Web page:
Confidence - Henry James - Страница 1 из 279

by Henry James
It was in the early days of April; Bernard Longueville had been spending
the winter in Rome. He had travelled northward with the consciousness of
several social duties that appealed to him from the further side of the
Alps, but he was under the charm of the Italian spring, and he made a
pretext for lingering. He had spent five days at Siena, where he had
intended to spend but two, and still it was impossible to continue his
journey. He was a young man of a contemplative and speculative turn, and
this was his first visit to Italy, so that if he dallied by the way he
should not be harshly judged. He had a fancy for sketching, and it was
on his conscience to take a few pictorial notes. There were two old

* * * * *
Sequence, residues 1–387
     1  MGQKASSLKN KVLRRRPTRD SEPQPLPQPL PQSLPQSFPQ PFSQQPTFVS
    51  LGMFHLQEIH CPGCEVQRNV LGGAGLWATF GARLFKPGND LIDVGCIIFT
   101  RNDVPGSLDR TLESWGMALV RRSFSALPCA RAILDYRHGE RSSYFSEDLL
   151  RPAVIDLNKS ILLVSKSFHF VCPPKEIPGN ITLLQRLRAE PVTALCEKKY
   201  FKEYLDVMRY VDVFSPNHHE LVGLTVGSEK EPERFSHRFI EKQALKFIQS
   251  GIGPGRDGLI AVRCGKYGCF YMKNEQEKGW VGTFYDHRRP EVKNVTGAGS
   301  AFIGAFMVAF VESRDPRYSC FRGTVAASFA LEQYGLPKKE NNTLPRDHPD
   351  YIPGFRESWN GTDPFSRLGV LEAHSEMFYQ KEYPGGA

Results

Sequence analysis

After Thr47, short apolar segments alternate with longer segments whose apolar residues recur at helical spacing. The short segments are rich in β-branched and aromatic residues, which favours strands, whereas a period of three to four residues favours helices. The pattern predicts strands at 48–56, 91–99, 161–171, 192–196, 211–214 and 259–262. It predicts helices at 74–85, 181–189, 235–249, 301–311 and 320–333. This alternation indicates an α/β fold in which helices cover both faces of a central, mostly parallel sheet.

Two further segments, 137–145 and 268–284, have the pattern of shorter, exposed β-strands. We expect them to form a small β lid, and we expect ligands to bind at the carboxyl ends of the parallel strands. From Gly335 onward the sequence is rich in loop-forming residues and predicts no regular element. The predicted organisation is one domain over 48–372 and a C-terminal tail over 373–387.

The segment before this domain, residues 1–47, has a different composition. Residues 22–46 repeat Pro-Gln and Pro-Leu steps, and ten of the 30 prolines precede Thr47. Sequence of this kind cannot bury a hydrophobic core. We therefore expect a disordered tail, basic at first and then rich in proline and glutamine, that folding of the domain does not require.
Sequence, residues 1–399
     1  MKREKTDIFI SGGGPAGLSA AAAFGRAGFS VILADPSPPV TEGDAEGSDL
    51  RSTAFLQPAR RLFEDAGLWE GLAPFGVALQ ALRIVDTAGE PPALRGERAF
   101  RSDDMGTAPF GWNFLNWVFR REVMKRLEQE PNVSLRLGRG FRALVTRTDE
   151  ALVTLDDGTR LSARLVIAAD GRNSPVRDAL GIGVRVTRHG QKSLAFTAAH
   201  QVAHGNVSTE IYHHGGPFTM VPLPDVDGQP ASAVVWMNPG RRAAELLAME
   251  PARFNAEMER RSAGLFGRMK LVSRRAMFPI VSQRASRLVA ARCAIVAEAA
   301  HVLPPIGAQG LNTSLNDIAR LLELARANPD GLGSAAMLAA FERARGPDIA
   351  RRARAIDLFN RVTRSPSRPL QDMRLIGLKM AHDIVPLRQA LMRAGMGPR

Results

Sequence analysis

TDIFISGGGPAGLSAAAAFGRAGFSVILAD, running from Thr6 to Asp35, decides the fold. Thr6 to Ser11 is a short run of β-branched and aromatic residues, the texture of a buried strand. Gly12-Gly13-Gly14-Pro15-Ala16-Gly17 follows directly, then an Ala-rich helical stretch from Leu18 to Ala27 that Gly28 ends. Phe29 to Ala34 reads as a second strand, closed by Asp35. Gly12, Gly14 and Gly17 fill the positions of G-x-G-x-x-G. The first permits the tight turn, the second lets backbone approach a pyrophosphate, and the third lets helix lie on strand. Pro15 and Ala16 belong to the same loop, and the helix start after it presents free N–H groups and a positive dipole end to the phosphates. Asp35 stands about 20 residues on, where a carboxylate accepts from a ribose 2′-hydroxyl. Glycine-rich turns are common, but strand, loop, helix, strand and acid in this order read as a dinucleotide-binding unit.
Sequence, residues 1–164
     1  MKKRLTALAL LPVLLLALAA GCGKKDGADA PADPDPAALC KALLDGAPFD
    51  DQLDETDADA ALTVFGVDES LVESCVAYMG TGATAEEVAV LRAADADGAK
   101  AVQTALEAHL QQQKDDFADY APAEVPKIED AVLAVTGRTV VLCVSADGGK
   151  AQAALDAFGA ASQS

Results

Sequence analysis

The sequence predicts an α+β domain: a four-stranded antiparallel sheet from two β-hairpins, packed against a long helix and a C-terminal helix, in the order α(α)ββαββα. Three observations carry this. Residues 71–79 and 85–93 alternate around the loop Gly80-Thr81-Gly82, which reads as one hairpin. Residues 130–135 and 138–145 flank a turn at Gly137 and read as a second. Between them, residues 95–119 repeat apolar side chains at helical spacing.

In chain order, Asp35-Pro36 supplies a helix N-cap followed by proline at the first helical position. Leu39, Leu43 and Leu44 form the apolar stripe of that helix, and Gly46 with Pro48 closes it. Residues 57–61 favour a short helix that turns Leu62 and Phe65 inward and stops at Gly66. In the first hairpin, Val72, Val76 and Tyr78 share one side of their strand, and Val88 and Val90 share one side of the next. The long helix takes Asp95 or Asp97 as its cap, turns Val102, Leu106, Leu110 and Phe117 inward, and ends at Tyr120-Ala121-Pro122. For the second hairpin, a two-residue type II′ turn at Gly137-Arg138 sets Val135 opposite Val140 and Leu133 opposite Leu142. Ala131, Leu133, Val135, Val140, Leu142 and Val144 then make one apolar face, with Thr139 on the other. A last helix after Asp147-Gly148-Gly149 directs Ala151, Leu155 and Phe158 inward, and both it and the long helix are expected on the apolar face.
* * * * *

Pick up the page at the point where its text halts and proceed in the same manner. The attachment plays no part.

inns at Siena, both of them very shabby and very dirty. The one at which
Longueville had taken up his abode was entered by a dark, pestiferous
arch-way, surmounted by a sign which at a distance might have been read
by the travellers as the Dantean injunction to renounce all hope. The
other was not far off, and the day after his arrival, as he passed
it, he saw two ladies going in who evidently belonged to the large
fraternity of Anglo-Saxon tourists, and one of whom was young and
carried herself very well. Longueville had his share--or more than his
share--of gallantry, and this incident awakened a regret. If he had
gone to the other inn he might have had charming company: at his own
establishment there was no one but an aesthetic German who smoked bad

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